Try it people, its pretty good!
Fun, educational and good music too!
it rocks : D played it in one go (while procrastinating, have to write an awfully boring term paper on phonetics x3) and I finally gave in to the trend and joined kongregate, too. now I have two badges already. shlorp shlorp. I’m a cell, and viruses can’t hurt meeh.
It was fun until it glitched. *Grumble.
Played it last night, and it was pretty good. Especially liked the music where the viruses attack. Kinda hated the fact that the only level I died on was the last one, but then I went and beat it.
Has the Discovery Institute’s (not Channel) hand in it. http://scienceblogs.com/pharyngula/2010/07/cellcraft_a_subversive_little.php
meh… this guy is overshooting the point of the matter a little here, imo. I agree with most of the comments at the bottom- it’s supposed to be a game, and therefore it is designed to be played and to be fun. I don’t see any deep ID propaganda in there just because of a few alien platypuses and a talking robot. as for “mitochondria appearing out of nowhere” and “you have to tell the cell what to do, which makes you an equivalent of god”. …well the latter is a necessity as otherwise there would be no interaction, in which case your only option would be making a movie about it; the former is a necessity because including the endosymbiontic theory and complex biochemical cycles and blabla and lord knows what else would make it way too complex for a children’s game and, again, take the fun out of it.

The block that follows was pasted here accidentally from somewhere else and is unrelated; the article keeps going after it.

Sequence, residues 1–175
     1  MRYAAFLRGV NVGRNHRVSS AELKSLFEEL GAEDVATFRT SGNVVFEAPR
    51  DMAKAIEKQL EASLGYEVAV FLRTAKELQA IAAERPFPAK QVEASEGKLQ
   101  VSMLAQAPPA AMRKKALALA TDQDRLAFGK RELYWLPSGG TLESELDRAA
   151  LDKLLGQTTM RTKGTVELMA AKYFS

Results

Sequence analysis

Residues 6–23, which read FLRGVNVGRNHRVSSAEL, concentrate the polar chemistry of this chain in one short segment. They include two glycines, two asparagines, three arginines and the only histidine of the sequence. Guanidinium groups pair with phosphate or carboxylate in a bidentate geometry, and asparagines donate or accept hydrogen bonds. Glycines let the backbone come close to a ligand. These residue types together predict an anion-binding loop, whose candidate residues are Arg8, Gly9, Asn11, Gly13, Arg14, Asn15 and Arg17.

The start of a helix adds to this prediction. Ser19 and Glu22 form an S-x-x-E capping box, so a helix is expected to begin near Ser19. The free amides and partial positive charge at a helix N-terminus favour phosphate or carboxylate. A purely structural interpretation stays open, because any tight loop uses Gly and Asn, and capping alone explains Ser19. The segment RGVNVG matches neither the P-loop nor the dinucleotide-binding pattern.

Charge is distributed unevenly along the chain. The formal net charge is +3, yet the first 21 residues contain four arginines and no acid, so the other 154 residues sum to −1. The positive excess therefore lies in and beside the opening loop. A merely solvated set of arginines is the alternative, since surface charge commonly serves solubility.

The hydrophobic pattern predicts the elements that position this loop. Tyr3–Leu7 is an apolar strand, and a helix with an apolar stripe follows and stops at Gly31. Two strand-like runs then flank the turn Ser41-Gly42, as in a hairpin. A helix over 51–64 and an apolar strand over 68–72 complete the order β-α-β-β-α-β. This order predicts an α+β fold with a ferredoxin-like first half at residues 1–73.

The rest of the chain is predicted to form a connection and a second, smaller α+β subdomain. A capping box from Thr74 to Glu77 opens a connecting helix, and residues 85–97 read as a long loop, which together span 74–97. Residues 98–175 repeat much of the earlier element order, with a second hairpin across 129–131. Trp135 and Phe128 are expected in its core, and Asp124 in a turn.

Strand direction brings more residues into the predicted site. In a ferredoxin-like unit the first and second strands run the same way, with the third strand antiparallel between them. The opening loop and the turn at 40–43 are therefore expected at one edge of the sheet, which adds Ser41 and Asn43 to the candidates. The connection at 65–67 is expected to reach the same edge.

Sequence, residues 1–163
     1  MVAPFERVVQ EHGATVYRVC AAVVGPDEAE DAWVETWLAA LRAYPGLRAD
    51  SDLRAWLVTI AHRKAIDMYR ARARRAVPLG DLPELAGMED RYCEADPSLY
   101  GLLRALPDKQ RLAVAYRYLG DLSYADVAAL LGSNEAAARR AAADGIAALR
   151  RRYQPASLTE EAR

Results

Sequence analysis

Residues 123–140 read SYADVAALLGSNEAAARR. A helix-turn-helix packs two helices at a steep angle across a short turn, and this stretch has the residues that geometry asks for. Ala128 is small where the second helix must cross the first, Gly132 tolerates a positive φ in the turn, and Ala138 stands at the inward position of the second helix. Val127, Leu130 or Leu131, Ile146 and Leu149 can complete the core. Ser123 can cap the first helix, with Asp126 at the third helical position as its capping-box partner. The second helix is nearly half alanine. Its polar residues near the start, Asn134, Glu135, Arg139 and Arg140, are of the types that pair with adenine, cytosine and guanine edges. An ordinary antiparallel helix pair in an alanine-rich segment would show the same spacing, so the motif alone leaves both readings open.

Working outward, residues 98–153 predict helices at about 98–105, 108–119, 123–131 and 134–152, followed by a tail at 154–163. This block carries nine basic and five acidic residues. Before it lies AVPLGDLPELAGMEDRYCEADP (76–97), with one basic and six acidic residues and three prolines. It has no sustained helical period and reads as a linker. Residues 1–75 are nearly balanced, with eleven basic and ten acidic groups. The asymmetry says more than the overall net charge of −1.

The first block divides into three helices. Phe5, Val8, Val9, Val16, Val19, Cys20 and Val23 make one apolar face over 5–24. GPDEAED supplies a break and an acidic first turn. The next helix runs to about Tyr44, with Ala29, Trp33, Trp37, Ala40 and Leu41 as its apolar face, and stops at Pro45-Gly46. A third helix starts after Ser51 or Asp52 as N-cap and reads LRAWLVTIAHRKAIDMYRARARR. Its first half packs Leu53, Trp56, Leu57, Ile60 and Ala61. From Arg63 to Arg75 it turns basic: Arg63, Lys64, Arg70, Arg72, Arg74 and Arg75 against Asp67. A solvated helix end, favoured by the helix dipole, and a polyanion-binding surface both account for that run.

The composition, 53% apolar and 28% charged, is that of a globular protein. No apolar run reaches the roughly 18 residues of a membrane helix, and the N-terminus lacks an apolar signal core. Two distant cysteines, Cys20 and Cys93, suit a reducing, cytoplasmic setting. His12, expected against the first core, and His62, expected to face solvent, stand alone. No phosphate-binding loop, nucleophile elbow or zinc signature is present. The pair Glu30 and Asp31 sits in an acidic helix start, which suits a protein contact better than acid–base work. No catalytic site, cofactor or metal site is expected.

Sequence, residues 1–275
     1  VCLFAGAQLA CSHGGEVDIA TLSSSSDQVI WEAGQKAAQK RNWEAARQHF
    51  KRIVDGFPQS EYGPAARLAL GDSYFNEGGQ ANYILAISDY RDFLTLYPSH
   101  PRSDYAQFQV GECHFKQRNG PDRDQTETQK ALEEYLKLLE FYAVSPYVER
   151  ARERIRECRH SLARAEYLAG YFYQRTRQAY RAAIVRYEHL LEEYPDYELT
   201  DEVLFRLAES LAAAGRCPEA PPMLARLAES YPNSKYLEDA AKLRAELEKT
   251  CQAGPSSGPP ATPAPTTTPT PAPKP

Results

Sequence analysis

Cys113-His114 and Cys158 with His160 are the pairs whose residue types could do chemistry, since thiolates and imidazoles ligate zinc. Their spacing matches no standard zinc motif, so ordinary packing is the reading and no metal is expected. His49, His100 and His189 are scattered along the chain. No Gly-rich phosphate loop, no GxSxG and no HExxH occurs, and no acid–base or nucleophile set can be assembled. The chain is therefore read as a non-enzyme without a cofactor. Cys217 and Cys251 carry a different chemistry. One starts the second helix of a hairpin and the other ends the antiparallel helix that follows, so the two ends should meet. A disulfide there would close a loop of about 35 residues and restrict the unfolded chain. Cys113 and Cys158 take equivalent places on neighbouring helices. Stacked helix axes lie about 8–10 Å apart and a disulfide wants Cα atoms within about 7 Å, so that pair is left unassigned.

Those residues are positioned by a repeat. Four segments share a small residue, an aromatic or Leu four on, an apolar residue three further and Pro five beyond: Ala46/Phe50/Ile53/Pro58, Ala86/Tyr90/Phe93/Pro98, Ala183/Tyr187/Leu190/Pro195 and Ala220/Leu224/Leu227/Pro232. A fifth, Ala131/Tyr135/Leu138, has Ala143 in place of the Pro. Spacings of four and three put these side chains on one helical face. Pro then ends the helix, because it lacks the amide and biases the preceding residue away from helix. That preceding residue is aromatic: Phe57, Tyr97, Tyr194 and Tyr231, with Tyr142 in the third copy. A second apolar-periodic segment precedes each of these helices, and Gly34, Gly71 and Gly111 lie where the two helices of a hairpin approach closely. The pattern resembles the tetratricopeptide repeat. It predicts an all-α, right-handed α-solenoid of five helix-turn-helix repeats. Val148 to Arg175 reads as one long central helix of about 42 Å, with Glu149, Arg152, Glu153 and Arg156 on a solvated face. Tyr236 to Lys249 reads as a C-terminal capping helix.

so if questions concerning ID arise in class (if at all), I guess you’d have to rely on the teacher’s competence to wipe out doubts, and on the children’s common sense. but interpreting this as a major subliminal message thing to plant ID propaganda in our heads is making a mountain out of a molehill. besides, you still have the encyclopedia contrasting “in the game” and “in reality”; I only skimmed it but I couldn’t make out any creationist argumentation to be honest.